IAM Policy : How to restrict users from Launching an RDS Instance of a particular type

How to restrict users from Launching an RDS Instance of a particular type

Attach a Policy with the following IAM Policy

 "Version": "2012-10-17",
     "Statement": [
         "Effect": "Allow",
         "Action": "rds:CreateDBInstance",
         "Resource": "*",
         "Condition": {
             "StringNotEquals": {
                "rds:DatabaseEngine": [

SR-IOV aka Amazon’s Enhanced Networking

SR-IOV stands for Single Root I/O Virtualization.

In layman terms,

  • Removes CPU from the process of moving data to and from a VM.
  • Packets  from your AWS EC2 Instance goes directly to the Network by passing the hypervisor thus providing
    • Lower latency
    • Higher performance
  • More info,

Pre-reqs for launching an instance with SR-IOV on AWS

  1. Create your AMI with latest version of Ubuntu 14.04 . Trusty
  2. Create an AMI with HVM Enabled and register with the sr-iov flag enabled
  3. Launch your AMI in the VPC

Different Uses-Cases

  • One of the First use case i can think of are the NAT’s. Which  handles most of your outbound traffic.

Testing SR-IOV

  • Securitymonkey with Docker

    Installing security monkey using Docker using just 2 commands

    1. Launch EC2 instance ( Amazon Linux )
    2. Install Docker
      • sudo yum install -y docker
      • sudo service docker start
    3. Download securitymonkey repo from docker
      • sudo docker pull nagwww/securitymonkey
    4. Launch Security Monkey with Docker as
      • sudo docker run -e “mail=nagwww@gmail.com” -e “host=ec2-xx-xxx-xxx-xxx.compute-1.amazonaws.com” -i -t -p 443:443 -p 5000:5000 “nagwww/securitymonkey:v1″ /home/ubuntu/securitymonkey.sh
    5. Access security monkey as
    6. https://ec2-xx-xxx-xxx-xxx.compute-1.amazonaws.com/#

     Notes :

    1. Security monkey runs in a container on the EC2 instance
    2. You will have to enable port forwarding to 443 and 5000. So the security groups need to be opened to 443 and 5000 ( To do this use the option “-p” with ‘docker -run’)
    3. There is no ssh to the security monkey container.
    4. Dockerfile to build the image is available @ https://github.com/nagwww/docker_securitymonkey/blob/master/Dockerfile
    5. Docker repo for security monkey is available at https://registry.hub.docker.com/u/nagwww/securitymonkey/tags/manage/

     Thanks Mittu ( @kssmitra ) for the kickoff….


    AWS Security : 25 TIPS for securing AWS

    25 tips for securing Amazon web services.

    It is all about doing the small things right.

    Tip # 11 – Know your boto
    Tip # 15 – Know your S3 buckets
    Tip # 17 – AWS VPC
    Tip # 20 – Cloud HSM

    AWS Security : Prepare for the worst, have a Risk assessment plan and Incident response ( Tip # 24 )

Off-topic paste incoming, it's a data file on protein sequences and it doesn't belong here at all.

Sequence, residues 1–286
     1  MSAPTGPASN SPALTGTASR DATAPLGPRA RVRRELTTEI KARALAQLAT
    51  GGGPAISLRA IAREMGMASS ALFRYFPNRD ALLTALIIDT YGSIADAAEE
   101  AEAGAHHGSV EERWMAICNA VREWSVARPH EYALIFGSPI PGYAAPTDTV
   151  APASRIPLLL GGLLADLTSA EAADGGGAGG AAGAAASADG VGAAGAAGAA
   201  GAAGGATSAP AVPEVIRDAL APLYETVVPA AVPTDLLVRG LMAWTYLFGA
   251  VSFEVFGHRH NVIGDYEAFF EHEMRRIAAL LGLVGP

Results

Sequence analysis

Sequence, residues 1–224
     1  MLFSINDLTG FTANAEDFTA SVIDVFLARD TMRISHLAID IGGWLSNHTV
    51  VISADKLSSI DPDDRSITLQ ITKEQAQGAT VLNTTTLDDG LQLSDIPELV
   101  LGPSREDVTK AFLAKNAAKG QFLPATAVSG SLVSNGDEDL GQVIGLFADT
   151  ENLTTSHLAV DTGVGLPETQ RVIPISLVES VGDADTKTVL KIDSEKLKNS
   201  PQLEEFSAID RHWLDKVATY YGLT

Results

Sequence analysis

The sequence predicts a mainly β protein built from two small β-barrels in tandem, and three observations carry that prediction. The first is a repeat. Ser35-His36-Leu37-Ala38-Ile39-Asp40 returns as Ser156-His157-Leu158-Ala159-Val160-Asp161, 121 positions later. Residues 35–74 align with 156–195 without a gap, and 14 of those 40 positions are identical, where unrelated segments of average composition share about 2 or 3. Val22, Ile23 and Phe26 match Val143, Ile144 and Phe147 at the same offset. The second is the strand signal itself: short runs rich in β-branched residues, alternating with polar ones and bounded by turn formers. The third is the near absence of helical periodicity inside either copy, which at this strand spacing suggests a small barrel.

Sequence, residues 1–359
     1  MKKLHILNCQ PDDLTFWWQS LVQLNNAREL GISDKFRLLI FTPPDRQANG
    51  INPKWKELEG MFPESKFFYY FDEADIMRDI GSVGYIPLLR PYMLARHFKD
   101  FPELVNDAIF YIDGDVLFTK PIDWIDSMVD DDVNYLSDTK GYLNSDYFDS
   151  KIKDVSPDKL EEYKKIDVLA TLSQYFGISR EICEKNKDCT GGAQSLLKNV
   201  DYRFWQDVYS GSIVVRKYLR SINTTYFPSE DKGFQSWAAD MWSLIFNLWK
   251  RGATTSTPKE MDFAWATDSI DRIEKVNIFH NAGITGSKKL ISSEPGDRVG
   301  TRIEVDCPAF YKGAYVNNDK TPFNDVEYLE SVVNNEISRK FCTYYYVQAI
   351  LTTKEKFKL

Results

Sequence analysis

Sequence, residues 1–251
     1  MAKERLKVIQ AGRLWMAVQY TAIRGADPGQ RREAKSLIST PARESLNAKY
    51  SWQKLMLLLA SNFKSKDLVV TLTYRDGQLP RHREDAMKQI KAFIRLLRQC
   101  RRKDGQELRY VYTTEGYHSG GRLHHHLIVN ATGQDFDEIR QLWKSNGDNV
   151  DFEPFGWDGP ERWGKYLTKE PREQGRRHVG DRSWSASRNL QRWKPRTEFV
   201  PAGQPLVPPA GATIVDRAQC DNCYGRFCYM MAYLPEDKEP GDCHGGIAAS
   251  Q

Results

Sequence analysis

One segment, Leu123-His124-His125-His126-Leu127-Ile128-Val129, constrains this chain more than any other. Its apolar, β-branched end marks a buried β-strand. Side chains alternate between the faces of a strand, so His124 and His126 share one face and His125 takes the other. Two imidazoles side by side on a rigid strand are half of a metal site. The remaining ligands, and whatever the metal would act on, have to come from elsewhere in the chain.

TIP # 24 Prepare for the worst, have a Risk assessment plan and Incident response

    Risk Assessment

    AWS  is not going to take responsibility for information lost to a compromised account it is the responsibility of the customer and not AWS. However AWS takes other initiates to secure the cloud.

    Here is a good white paper from AWS which should cover most part of it


    Risk Mitigation

    After your perform your Risk assessment, the controls you have to mitigate that risk is Risk mitigation.


    Risk : Concerned with AWS keys getting lost and the risk is business continuity

    Mitigation : Monitor for the keys in github in addition add a source IP restricting condition to the IP as ,

     "Statement": [
        "Sid": "Stmt1351207632445",
             "Action": [
             "Effect": "Allow",
             "Resource": [
           "Condition": {
              "IpAddress": {
               "aws:SourceIp": ""

    Incident response

    • In the event of an issue how do you respond.
    • Example say your AWS keys are exposed in github,
      • Invalidate the current key
      • Re-generate new AWS keys
      • Check in cloudtrail logs if there are any incoming requests using this key
      • Confirm if there are any new IAM users/kyes created.
      • What actions were performed with this AWS key in the last 6 months or since it was exposed


    AWS Security : Know how to perform Forensics ( Tip # 23 )

    TIP : AWS Forensics

    If you suspect if your EC2 instances were hacked and want to do some forensics here is what i would do,

    Step 1 : Create an AMI of the instance you are performing Forensics on,

    • First identify the EC2 instance ID ( say the id is i-33ee33
    • Create an image of the EC2 instance. You do not have to login to create an image.
      • ec2cim i-33ee33 -n forensics-1.0 -d "AMI of the hacked instance {Datetime}" -b "/dev/sdb=ephemeral0"
    • Launch an EC2 instance with the newly created AMI
      • Attach a security group with no outgoing requests

    Step 2 : Check your cloudtrail logs

    • Check all the cloudtrail activity for this instance

    Step 3 : Cloudpassage security events

    • Check the cloudpassage security events history